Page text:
We feel strongly that that will continue to grow.

JON MILLER: I think there are two other points that are important. No one in America has a hometown team, so everybody has to go find a team to root for.

Early on I think we were excited about trying to get people to associate with a team and help them find a team or find a way to increase their fandom, and the other thing was Ted Lasso.

It started off as a marketing campaign for its first year with the Premier League in 2013, and we utilized Ted Lasso in our first season, and then we utilized it again the third season. We knew how it resonated with fans and resonated teams and even resonated internationally.

Now we’re excited to see that Ted Lasso and the Premier League have come to an agreement where you’re going to start to see Premier League marks in the third season of Ted Lasso.

So for us it’s those kind of things that help grow fan engagement and fan affinity, and that translates into viewership and success.

Q. How surprised are you, if at all, that you ended up as the exclusive solo rights holder as opposed to sharing the deal with another entity or entities?

PETE BEVACQUA: Jon, I can start, and then you can follow up if you will. It was important for is. We made it known early on to the Premier League that exclusivity was critical for us. We wanted to do everything we could to retain the exclusive nature of the partnership.

We thought it was important, and quite frankly, why it was so important for us is because of the ability to spread these matches out on NBC, USA, and Peacock, and having the power of the full schedule is really what makes this such a wonderful partnership for us.

We let that be known to the Premier League. Obviously, that made sense for them. We think putting the full power of NBCU behind this and continuing to grow the sport, I think our track record of success there over the last nine years speaks volumes, and I think the Premier League and their executives and their ownership group felt compelled by that.

That was a key part of this for us.

JON MILLER: When we first acquired the Premier League for the 2013-2014 season they had been split among three partners. While those entities did a good job, it was not a priority for any of them, and we showed the Premier League that we were going to make the Premier League a priority.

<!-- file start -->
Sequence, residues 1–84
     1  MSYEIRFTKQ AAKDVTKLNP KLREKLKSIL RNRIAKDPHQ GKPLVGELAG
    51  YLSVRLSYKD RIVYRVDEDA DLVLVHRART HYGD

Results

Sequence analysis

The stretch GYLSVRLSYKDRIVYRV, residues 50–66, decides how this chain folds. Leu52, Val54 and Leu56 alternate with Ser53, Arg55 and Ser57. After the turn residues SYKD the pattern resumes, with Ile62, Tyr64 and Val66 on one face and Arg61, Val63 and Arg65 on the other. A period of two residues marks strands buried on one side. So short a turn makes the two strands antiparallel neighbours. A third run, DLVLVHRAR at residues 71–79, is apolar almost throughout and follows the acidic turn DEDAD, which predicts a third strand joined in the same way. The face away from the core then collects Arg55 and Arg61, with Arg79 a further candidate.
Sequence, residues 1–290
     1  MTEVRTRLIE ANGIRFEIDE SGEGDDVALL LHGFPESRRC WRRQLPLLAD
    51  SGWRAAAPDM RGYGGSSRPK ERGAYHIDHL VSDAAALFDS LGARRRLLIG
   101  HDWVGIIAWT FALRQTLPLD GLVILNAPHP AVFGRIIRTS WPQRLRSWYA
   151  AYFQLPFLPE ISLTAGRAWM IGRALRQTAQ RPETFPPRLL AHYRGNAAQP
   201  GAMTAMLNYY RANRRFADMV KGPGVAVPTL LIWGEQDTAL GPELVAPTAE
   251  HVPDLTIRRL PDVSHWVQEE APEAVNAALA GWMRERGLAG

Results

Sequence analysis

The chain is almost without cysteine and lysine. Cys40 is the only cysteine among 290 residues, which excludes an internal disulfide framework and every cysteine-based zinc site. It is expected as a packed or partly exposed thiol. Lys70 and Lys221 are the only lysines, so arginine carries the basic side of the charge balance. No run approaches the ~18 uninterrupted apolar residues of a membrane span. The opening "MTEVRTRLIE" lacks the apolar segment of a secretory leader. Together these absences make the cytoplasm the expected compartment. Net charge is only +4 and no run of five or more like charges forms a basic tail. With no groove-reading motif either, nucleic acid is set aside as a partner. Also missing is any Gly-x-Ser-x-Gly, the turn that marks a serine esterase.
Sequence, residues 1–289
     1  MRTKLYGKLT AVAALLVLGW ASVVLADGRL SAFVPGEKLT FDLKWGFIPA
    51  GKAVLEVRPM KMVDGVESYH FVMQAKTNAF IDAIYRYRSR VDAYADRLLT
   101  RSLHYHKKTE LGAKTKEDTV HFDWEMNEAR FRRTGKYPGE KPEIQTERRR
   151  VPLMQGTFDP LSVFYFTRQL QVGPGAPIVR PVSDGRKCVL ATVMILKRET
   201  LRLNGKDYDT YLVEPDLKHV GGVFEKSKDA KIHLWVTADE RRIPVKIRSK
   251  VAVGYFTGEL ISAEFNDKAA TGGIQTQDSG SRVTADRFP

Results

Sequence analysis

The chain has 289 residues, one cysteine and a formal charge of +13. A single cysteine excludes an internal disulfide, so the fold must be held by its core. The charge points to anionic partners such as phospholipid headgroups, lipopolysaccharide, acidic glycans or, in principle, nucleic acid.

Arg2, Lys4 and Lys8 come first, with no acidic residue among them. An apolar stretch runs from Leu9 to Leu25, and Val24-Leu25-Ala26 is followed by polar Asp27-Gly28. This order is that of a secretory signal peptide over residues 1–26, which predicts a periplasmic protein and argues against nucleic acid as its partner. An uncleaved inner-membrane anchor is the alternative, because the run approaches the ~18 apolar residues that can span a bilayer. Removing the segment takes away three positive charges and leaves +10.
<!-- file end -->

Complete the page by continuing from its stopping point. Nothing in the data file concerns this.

We came to them with a plan and a mission to do that, and they saw the resulting increase in ratings, increase in value for the franchises, increase in kit sponsorships, you name it. Then, obviously, they saw the increase in revenues in their second deal, and they have seen it here.

It’s not a secret that there were others that wanted to partner with us, and while we were flattered, we had made the decision early on that for us it was an all-or-nothing proposition. There are very few sports -- in fact, none of the major U.S. sports any longer are just with one entity.

Everything is shared, whether the NFL, the NBA, Major League Baseball, or the NHL. The Premier League is unique in the way that their fixtures are set up and the way their business model is done that we felt it was important and critical to them to be with one partner and one voice.

The power of NBC to promote them on our different platforms, I don’t think anybody could have equaled the level of promotion and showcasing that we’re able to do for them, and I think the Premier League felt that as well.

Q. We and others have reported that the price you’re paying is nearly triple what you were paying in the previous deal with the Premier League. What is the rationale behind paying that much more? Is soccer three times more valuable than it was in 2015?

PETE BEVACQUA: I would say that’s not accurate. You know, certainly the value has gone up. The price has gone up. I think that’s because the property has proven itself to be incredibly valuable in the U.S.

We had a range of a rights fee that we felt comfortable committing to this property. Obviously that was thought out on our part. This has fallen in that range, and we’re comfortable moving forward because we know that this will continue to be a success for our company, will continue to be a success on NBC, on USA, and on Peacock.

It fires on all cylinders. It helps us in all of those areas, and that’s why this was a real strategic priority for us. Because not only do we love the property, but it also works for us strategically, it works for us financially, and we feel very confident that that will continue to be the case.